being actively moved along.  It is not a miracle foot.  You will still need
to pin the edges to make sure that one layer (I never remember which)
doesn't move more than the other layer.  The foot was originally designed
to match plaids, with only 2 layers of fabric.  Adding the batting layer,
especially if it is thick is going to change the mix some.  My first quilt
I did 'stitch-in-the-ditch' and I used the #10 foot.  Everything worked out
fine.  Don't sweat it.  Just be careful when you sew.  Besides, the walking
foot is pretty pricey (it is also hand machined, which explains the price)
and you may not want to spend the bucks for it right now ($80-$90 I think).
Hope this helps.
Subject: RE: Cover Stitch advice
Date: Tue, 28 Oct 1997 18:09:47 -0500

I have both the 007D and the 009DCC machines, and I like having both of 
them set up at the same time.  This way I can swing from one machine to the 
other very easily.

The problem with this, however is needing so many cones of thread.  If I 
wanted to get really anal about what I was working on (none of you ever go 
down that road, do you (ggg)?), I'd have 4 cones on the serger, and 3 cones 
on the cover stitch machine. What I end up doing instead is winding thread 
off the big cones onto bobbins for the needles, and using the cones for the 
loopers, which use more thread.  On the cover stitch machine, I keep a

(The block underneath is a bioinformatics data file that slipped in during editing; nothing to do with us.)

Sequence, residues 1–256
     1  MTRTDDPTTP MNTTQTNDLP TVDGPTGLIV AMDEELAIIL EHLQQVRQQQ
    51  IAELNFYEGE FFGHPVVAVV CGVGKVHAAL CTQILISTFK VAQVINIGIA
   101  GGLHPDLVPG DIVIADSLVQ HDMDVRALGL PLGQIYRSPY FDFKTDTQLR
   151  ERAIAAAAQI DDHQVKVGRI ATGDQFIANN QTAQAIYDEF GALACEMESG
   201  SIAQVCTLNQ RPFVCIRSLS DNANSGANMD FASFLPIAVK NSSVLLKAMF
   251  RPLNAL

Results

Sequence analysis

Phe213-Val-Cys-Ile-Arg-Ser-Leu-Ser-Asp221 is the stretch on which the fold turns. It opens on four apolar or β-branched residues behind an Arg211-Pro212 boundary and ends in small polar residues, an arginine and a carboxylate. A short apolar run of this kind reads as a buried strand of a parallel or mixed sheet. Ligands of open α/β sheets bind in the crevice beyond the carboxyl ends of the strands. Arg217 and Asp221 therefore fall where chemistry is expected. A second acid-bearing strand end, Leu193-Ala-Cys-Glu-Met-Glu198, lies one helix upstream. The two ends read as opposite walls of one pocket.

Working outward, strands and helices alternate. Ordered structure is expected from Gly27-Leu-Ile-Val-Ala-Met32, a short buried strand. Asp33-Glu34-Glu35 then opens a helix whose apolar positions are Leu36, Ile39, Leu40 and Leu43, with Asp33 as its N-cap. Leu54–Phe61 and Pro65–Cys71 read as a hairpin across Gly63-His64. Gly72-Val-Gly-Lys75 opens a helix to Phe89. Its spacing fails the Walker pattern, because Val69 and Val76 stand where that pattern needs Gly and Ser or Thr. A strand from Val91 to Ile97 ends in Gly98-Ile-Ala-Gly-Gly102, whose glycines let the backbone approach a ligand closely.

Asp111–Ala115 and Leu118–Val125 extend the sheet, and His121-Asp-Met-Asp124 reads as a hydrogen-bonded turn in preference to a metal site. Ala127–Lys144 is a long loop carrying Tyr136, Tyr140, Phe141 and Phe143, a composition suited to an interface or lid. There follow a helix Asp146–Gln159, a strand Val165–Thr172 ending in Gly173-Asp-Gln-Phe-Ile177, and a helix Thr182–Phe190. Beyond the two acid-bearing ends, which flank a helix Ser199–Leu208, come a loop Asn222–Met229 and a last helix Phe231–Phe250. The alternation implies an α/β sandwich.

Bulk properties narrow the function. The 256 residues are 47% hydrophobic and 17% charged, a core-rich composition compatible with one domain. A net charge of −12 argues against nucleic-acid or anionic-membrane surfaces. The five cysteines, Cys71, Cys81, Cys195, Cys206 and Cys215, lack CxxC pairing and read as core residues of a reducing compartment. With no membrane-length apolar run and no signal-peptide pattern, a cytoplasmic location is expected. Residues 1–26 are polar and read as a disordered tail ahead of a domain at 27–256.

white cone on the machine for the looper, and then change the needle thread 
to match whatever I'm hemming.  I invested in some inexpensive plastic 
bobbins for this, rather than use the expensive metal Bernina bobbins. 
 Does anyone have any other ideas of what to use for the "spools" for the 
needle threads on the serger?

Date: Tue, 28 Oct 1997 16:10:09 -0700
Subject: Re: Sewing Tables

I was looking for something like this last summer and really didn't have
much luck. I wanted something large enough to be able to hold the bulk of a
quilt for machine quilting. The only things I could find that I liked were
way over my budget, and the only things I could afford had a very narrow
table depth--not good for quilts. I finally opted for a *sturdy* drafting
table (on sale!) and bought the large Sew Steady Portable Table to give a
larger flatbed area. I like this arrangement very much and can even use it